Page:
The Amazing Spider-Man: addictive super-hero game
Web-slinging Manhattan-set action game is more than a cynical money-grabbing movie tie-in
What you need to know
Developed by Beenox, who created the previous Spider-Man games Shattered Dimensions and Edge of Time, The Amazing Spider-Man is a third-person open world action game set as an epilogue to the movie of the same name.
Dr Curt Connors – The Lizard – has been defeated and languishes in jail. Oscorp executive Alistair Smythe takes Connors's research and plans to create more cross-species experiments, but the mutants escape and cause havoc across Manhattan.
Spider-Man has to battle not just cross-species like Rhino, Iguana, Vermin and Scorpion but also a hoard of robots sent out by Smythe to battle his escaped experiments. The Lizard pops up, and players also collect various items – comic book pages and so on – as they swing around the city.
What the critics like
This is not just a cynical money-grabbing movie tie-in, says Ken Leffrenier at Xbox Addict. It is an original, exciting game that picks up where the movie ends. "Absolutely stellar," Leffrenier concludes, with the added bonus of Spidey's girlfriend Gwen Stacy.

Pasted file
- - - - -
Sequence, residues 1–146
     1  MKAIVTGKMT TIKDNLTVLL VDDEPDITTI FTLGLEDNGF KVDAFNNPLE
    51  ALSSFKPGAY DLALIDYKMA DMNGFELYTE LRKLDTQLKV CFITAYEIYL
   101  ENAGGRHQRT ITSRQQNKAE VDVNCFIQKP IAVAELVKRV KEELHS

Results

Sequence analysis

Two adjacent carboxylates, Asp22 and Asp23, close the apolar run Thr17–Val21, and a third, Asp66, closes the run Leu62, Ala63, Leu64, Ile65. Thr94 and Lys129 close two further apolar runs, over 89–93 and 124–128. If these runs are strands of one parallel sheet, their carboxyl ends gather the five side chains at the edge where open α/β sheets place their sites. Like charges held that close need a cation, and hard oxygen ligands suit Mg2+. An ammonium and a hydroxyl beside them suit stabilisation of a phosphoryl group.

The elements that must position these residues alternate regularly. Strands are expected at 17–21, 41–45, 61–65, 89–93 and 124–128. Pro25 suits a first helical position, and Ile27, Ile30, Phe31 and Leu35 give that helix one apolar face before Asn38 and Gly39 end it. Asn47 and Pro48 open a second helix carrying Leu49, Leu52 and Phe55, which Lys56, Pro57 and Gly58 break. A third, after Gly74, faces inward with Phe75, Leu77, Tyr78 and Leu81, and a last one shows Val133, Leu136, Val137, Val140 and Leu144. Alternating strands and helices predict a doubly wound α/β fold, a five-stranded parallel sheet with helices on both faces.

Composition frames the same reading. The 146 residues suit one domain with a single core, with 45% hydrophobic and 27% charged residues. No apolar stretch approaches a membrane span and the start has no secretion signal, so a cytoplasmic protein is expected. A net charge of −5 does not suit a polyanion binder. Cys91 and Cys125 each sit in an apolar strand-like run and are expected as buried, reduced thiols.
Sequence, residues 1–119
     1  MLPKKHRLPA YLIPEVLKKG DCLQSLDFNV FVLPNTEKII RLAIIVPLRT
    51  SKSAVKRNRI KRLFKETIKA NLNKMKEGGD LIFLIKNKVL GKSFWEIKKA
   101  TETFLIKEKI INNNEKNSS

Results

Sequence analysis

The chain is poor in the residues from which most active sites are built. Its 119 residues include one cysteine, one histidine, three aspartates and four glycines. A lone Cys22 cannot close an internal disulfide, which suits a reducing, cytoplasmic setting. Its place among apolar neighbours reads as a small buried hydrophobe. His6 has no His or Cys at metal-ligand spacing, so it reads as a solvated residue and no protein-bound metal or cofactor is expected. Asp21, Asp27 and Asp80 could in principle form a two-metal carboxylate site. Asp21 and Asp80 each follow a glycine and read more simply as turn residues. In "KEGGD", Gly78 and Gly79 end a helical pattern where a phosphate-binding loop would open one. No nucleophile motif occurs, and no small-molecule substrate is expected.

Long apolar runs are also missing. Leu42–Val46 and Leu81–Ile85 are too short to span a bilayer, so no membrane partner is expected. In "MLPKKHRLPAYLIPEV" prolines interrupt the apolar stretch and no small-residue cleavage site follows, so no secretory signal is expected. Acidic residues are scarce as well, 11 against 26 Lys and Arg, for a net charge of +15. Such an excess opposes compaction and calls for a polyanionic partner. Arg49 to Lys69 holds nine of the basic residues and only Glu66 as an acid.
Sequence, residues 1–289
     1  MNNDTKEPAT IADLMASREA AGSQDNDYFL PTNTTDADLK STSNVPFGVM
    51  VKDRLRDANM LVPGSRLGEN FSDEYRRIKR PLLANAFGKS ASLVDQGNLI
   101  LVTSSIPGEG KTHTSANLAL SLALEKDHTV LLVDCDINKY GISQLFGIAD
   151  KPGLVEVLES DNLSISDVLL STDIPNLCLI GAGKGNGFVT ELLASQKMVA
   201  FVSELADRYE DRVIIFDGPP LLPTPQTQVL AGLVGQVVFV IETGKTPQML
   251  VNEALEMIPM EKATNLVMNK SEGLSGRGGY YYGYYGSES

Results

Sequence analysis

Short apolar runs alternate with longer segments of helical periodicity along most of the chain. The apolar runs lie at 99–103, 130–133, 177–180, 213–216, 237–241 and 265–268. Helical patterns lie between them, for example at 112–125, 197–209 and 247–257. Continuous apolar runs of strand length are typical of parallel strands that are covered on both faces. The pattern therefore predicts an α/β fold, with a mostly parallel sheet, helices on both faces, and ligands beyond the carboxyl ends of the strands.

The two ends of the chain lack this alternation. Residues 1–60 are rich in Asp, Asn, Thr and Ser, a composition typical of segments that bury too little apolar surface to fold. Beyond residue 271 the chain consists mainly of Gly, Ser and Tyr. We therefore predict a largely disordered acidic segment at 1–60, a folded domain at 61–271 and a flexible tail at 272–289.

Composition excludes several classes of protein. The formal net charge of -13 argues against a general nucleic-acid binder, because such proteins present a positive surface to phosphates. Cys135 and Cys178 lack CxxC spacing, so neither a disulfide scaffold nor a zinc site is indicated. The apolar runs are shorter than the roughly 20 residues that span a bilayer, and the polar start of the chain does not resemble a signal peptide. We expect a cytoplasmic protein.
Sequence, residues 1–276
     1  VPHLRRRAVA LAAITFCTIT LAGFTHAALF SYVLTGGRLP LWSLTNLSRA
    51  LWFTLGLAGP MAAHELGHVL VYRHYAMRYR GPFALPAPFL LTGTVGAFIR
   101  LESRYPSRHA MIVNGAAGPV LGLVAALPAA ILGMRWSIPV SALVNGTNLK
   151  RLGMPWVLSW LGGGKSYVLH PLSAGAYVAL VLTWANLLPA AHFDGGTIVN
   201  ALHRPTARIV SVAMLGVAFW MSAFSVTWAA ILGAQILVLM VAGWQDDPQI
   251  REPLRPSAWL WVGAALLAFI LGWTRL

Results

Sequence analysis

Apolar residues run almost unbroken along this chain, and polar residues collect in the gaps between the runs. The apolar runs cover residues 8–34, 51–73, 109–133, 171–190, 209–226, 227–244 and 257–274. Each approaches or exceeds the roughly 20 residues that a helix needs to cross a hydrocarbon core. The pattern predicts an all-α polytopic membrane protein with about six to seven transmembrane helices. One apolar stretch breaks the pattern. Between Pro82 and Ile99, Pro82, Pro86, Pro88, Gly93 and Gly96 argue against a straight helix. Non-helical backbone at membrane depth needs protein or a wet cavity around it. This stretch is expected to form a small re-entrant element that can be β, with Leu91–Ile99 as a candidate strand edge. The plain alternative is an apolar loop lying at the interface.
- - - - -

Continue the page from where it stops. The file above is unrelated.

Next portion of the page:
Rock solid and with stunning visuals, the game pulls off the near-impossible: it brings back some much needed credibility to the much abused Spider-Man franchise, says Ron Burke at Gaming Trend. The robot battles are "truly the highlight" of the game, and you'll look forward to these fights the most.
It's a "thrill ride that stands on its own webs" says Edwin Millheim at Impulse Gamer. The fighting is "frantic and crazy", the cityscape and graphics are "breath-taking" and the whole experience is "one hell of a fun ride".
What the critics don't like
While the game is "fun" it is almost "more impressive to watch than to play", thinks Mike Anderlesz at The Guardian. It does have "scale, pace and playability" but gameplay is "button-mashy" and you can often find yourself disoriented.
It's yet another game that's careful to not rock the boat, says Henry Gilbert at Games Radar. Nothing is broken or painful to play, and there's still "an intrinsic fun to being a video game Spider-Man" – but this is too much like what we've played before. It does what you expect it to "and not a whole lot more". ·